On September 3 2011, the Ontario New Democratic Party (ONDP) rescinded the candidacy of Barry Weisleder, who had won the provincial nomination for the riding of Thornhill.
This action generated ripples of controversy amongst left-leaning New Democrats. Weisleder, a party member for over forty years and current chair of the self-styled NDP “Socialist Caucus” has a long and storied reputation as an agitator for state-socialist policies within the NDP, and has often served as a thorn in the side of the party's increasingly centrist leadership.
This is not the first time the NDP leadership has intervened to quash gains made by radicals working within the party's rank-and-file; in October 2010, attendants of the Ontario New Democratic Youth (ONDY) convention in Hamilton voted the “Slate for a Democratic and Activist ONDY” – comprised of a number of Trotskyist and Democratic Socialist activists, largely connected to the Toronto Young New Democrats – into nearly every executive position standing for election. A couple of weeks later the NDP establishment rescinded the results of the convention. New elections, held in Toronto in November 2010, resulted in the activist slate’s defeat. Leftist activists at the Toronto convention noted that the makeup of the audience was heavily weighted towards bureaucratic elements of the NDP and CFS. This second convention produced mixed results; while the NDP establishment conceded TYND’s right to exist, they also ensured that the ONDY executive would be composed of loyalists firmly within the influence of the party's bureaucracy.
These examples bear out the tremendous difficulties in articulating a radical socialist discourse within a party that no longer embodies the legacy of the Socialist/Labour alliance established between the Cooperative Commonwealth Federation (CCF) and the Canadian Labour Congress (CLC). Weisleder, who has been a steward of the NDP left for decades, belongs to a school of Trotskyism that embraces the “entryism” tactic of organizing revolutionary state-socialist activists within mainstream social democratic labour parties. This tendency zealously defends the so-called “working class composition” of labour parties such as the NDP, and in doing so often fails to recognize how political parties have changed their objective role in the overarching narrative of class struggle.
Traditionally the NDP has been seen as the “official” voice of the labour movement. It is often praised for its role in establishing universal healthcare – a program rightly cherished by ordinary working people. While acknowledging the role played by the CCF/NDP in the drafting of our current single-payer healthcare system, the many gains made by the working class during this period are better understood as reflective of changes in the norms of governance – namely a new social contract between labour, state and business, and the increasing acceptance of state planning and government intervention in the market economy. In Ontario, for instance, it was not so much the NDP, but rather the “Big Blue Machine” of the provincial Tories that brought in the social and economic reforms of the post-war period. With the financial regime of Keynesian economics ruling the day, capitalists were willing to give space for social programs in exchange for the political stability of labour peace. Over the coming decades, as the agenda of the political and economic elites has shifted, the social-democratic reforms of the Keynesian period have come under steady attack by the rise of neo-liberal ideology.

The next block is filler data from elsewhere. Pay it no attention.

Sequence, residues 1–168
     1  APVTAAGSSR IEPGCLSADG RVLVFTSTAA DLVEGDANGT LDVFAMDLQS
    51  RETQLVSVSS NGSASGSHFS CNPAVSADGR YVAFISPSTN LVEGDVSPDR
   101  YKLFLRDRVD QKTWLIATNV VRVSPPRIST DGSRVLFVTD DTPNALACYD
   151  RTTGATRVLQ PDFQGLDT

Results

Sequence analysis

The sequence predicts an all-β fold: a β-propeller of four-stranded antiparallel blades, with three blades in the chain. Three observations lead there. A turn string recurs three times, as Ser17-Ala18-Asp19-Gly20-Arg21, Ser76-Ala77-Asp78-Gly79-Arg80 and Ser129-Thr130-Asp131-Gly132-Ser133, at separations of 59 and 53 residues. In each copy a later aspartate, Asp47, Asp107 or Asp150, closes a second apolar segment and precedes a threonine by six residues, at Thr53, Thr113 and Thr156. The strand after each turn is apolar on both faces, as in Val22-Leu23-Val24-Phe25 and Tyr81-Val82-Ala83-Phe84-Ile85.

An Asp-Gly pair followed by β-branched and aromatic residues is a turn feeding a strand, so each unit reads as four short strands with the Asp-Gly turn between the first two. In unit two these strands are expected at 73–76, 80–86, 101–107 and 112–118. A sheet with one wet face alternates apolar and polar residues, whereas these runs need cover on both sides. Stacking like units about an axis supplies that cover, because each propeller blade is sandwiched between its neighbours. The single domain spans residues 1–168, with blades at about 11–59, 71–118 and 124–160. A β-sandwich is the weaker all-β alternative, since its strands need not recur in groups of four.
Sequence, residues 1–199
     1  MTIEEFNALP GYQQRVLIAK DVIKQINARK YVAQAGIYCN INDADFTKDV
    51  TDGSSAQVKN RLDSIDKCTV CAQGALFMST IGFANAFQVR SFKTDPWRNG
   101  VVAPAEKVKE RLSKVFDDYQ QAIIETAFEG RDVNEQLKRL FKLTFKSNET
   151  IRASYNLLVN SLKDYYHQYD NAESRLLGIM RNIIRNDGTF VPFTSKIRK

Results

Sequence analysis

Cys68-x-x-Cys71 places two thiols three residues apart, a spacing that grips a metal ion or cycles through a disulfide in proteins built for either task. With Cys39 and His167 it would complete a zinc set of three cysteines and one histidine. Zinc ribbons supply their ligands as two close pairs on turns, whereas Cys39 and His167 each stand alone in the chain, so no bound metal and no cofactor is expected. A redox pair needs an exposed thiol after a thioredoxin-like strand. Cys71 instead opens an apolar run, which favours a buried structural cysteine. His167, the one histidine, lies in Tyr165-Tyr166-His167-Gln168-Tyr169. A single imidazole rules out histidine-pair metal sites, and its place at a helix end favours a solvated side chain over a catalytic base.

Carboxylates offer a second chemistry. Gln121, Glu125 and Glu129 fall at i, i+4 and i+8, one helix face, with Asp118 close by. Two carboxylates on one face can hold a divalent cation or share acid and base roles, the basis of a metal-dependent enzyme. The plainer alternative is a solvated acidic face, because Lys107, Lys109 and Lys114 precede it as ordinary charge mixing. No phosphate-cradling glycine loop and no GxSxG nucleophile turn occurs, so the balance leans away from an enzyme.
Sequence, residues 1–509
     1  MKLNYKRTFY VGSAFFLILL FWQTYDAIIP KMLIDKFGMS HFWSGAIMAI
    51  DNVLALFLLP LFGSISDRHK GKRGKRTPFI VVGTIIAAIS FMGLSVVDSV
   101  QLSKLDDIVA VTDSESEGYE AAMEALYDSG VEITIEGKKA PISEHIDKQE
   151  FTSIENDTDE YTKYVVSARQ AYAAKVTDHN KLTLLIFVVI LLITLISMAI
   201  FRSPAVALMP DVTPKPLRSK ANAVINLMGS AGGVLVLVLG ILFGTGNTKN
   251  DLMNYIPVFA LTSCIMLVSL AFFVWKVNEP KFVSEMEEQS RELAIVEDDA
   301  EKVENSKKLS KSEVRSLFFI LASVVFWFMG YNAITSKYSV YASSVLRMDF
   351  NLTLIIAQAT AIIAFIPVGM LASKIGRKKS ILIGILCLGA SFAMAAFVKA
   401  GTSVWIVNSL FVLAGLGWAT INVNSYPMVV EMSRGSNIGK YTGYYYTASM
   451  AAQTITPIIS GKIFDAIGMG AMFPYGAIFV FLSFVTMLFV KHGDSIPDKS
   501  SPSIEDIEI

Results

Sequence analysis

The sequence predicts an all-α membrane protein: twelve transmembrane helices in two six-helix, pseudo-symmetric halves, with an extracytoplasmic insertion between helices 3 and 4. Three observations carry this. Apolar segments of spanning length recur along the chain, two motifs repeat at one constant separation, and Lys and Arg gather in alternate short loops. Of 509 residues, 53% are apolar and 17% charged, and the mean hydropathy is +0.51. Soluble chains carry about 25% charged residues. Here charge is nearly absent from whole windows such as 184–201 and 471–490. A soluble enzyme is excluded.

During the 80s and 90s, the NDP found itself at a crossroads. At the time, it still based its electoral program on the logic of state-capitalist policies – a strategy that no longer made sense given the context of a hyper-competitive world market in which states competed to present lower wages and tax rates as incentives to an increasingly globalized capitalist class. In the face of this neo-liberal onslaught, social-democratic parties world-wide chose to abandon their former socialist aspirations and embrace the emergent economic reality. In Canada, this shift has culminated in the NDP's constant obsession over pocket change issues and their complete unwillingness to challenge the international austerity regime that has emerged in the wake of the 2008 economic crisis.
The Federal and Ontario NDP's abandonment of their socialist roots echoes the wider historical failure of social democratic electoralism as a vehicle for revolutionary change. The problem with electoralism as a viable strategy stems from the inherent need for political parties to adapt their programs to a perceived “middle-ground”; this rings especially true with regards to the lack of difference in electoral manifestos - whether they come from Social-Democrats, Liberals, or Tories. If working people are ever to win society for ourselves, it will not be by electing political agents, but by building networks and class consciousness within community and labour struggles as a means of asserting our collective autonomy and identity. If you want to be radical and fight capitalism, fight it in your communities, your workplaces and your streets – not in hallow conventions, chasing the halls of state power.